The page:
User generated content is being shared on social media and news organisations are turning to those channels [for content] during breaking news events.”
Surveying eight news channels, such as CNN & BBC Worldwide, the research found that UGC was used as a filler when journalists were unable to get to the breaking news scene, such as when fighting broke out in Syria or when the Malaysia Airlines flight MH17 was shot down over the Ukraine, or that there was nothing else to use.
4. Increasing demand for live TV
Social media and social TV are two of the reasons why watching live TV is still so strong, says MTV Finland’s executive producer.
“People cannot miss the show when it comes on air because they would miss the conversation – it’s part of the draw,” says Rasimus.
A recent survey conducted by Nielsen supports this view. It found that 15% of viewers surveyed said they enjoyed watching television more when social media was involved. And when it comes to viewing content, 11% of viewers said they watched more live TV.
In a separate study, also by Nielson, it was found that 33% of all users on Twitter tweeted about television shows during the month of June (2012) whilst the programs were on air.
5. Influencing program ratings & commissioning of second series
Research released by Twitter in September said that shows most frequently talked about on its channel enjoyed a ratings hike – some had even had their audience figures boosted by 2% as a result.
It found programmes with younger audiences tended to have more Twitter activity, as did programmes which encouraged audience participation through viewer votes and debate. Simon Cowell’s The X Factor was the most tweeted about series on UK TV during the last year generating 9.4m tweets.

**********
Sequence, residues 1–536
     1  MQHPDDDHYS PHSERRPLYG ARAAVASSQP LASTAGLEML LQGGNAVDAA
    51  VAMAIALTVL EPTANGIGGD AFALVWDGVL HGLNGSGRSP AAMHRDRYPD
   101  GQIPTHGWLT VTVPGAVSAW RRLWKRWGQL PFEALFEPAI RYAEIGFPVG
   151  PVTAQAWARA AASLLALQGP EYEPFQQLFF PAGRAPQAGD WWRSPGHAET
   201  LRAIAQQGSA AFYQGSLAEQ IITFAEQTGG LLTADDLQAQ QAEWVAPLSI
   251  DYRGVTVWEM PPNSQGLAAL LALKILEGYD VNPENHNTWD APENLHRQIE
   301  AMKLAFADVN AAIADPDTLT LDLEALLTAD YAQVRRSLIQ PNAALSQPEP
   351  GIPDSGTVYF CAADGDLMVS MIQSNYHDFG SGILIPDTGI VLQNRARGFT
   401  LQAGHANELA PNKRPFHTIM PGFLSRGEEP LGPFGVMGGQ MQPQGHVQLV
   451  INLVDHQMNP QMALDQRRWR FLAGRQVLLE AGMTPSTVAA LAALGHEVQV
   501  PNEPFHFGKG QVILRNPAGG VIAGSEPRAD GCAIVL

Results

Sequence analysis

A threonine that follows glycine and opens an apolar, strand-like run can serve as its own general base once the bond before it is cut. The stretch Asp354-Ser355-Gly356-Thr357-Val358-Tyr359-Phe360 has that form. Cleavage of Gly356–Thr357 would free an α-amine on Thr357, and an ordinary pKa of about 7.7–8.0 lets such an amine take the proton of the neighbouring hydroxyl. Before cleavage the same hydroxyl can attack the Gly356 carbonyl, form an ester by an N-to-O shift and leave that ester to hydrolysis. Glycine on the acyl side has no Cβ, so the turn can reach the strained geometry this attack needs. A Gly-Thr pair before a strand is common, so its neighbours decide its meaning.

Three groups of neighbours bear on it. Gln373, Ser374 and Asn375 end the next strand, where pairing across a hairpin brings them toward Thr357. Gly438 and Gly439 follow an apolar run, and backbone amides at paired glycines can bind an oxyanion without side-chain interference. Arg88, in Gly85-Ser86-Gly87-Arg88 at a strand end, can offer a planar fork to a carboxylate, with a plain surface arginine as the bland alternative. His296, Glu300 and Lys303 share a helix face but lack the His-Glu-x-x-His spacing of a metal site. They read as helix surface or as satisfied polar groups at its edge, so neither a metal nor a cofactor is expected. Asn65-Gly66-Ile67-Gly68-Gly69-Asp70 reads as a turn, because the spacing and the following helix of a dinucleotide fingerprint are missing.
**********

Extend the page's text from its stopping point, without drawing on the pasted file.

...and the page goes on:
Last year Ben Elton’s sitcom, The Wright Way, was axed by BBC’s controller of comedy commissioning, Shane Allen, after it received scathing reviews online and on Twitter.
A report in The Telegraph also said that Sue Perkins’ Heading Out, a BBC2 sitcom about a gay woman attempting to come out of the closet, was also cancelled due to bad reviews, while Peter Kay’s new sitcom, Car Share, was premiered on BBC iPlayer before airing it on BBC1.
6. Changing the format of adverts and advertising
TV advertisers will have to change the way they communicate with the audience too. In the future, predicts Rasimus, viewers want to see more of relevant, native or interactive ads to be run in the breaks of their favourite shows or else they will switch off, pause or turn to their second screen during the ad breaks.
She’s working alongside brands in Finland to help them capitalise on the social media buzz.
We’ve been creating new products for our advertisers. With some shows, such as Strictly Come Dancing, we have a social media and advertising partner. We’ve created a commercial hashtag that people can engage with during the live show. We are also creating interesting content for viewers to consume whilst they’re on their second screen devices.